Hammenhiel is a 17 century fort on a tiny island between Kayts and Karaitivu islands off Jaffna Peninsula in Northern Sri Lanka. It was built by the Portuguese with coral rock in 1618 to guard the entrance to the Jaffna sea channel. They called it Fortaleza do Caes (Fort Royal). The Dutch captured the fort in 1658 and renamed it Hammenhiel (Heel of the Ham), as they thought the shape of Ceylon resembled a ham and the fort was located at the heel of the ham. In 1680, the Dutch added a stone breakwater, filled in the hollow ramparts, replaced the upper floor with a stone vault and built a brick lined reservoir. They used the nine large dungeons to store gunpowder and maintained a garrison of about thirty soldiers. During the British colonial era, the fort was used first as a maximum security prison and then, an infectious diseases hospital. During the the abortive 1971 JVP insurrection, Rohana Wijeweera, founder leader of the Janatha Vimukthi Peramuna, was detained in the fort after his arrest. it was used thereafter by the Sri Lanka Navy as a detention centre for sailors. Today, it is an upmarket hotel and restaurant run by the Navy.
We drove along a winding dirt track lined with palmyra trees to the big iron gate. The board said Fort Hammenhiel Compound. The blue clad navy security man opened the gate for us to drive up to the new waterfront restaurant with Fort Hammenhiel in the distance.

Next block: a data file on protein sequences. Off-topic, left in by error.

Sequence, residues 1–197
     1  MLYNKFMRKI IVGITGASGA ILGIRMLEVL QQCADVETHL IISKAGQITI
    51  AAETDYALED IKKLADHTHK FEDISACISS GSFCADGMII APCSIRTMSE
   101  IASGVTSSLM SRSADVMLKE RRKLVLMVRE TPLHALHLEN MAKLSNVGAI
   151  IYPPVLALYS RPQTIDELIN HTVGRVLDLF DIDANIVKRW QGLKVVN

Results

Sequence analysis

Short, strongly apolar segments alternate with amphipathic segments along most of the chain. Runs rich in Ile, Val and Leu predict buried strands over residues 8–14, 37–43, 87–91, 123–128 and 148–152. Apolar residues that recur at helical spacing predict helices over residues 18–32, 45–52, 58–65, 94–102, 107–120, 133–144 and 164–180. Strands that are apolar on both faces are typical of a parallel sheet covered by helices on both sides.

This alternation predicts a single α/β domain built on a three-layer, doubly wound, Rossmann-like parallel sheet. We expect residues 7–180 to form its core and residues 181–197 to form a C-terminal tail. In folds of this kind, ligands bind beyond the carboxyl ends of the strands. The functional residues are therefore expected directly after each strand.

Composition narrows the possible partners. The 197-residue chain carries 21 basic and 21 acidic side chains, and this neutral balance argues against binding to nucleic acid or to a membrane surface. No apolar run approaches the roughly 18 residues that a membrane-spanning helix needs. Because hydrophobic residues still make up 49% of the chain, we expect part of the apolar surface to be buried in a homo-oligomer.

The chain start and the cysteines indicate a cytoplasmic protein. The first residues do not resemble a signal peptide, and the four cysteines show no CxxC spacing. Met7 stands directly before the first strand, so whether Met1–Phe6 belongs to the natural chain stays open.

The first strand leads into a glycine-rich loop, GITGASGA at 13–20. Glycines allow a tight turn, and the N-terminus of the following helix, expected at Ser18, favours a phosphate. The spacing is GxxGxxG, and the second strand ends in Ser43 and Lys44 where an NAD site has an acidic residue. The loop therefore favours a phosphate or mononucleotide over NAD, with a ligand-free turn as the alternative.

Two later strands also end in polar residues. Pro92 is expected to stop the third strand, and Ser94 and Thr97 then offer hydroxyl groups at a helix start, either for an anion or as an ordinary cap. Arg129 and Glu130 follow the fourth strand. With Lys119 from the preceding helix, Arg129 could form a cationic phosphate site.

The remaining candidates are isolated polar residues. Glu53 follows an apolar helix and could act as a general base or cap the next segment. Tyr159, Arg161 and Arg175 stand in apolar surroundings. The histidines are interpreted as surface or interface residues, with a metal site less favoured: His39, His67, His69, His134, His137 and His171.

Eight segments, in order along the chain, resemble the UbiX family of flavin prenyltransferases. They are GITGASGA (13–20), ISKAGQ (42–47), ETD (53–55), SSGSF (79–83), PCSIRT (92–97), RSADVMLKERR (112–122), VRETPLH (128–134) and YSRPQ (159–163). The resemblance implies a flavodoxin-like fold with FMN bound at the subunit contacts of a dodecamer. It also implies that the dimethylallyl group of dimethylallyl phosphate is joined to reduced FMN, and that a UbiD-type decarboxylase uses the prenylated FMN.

The restaurant served us a buffet lunch of traditional Sri Lankan rice & curry. We relaxed for a while in the spacious, open lounge and walked to the end of the long pier to board a navy speed boat to travel the short distance to the fort.
A navy guide showed us around. We walked through the tunnel like entrance to a shady courtyard surrounded by numbered cells where prisoners were held in the past. Some of them have been converted to tourist accommodation offering a taste of prison life in years gone by. Cell number 3 was where Rohana Wijeweera, the leader of JVP was held during the 1971 left-wing insurrection.
Stone steps led to the upper floor with yet another square with large trees. Four large rooms to one side have been converted to luxury accommodation and the view out to sea from the square and a terrace with tables and chairs for alfresco dinning was impressive.
The navy boat took us far out into the Jaffna channel before returning to the mainland. We had tea at the restaurant and drove back to Jaffna.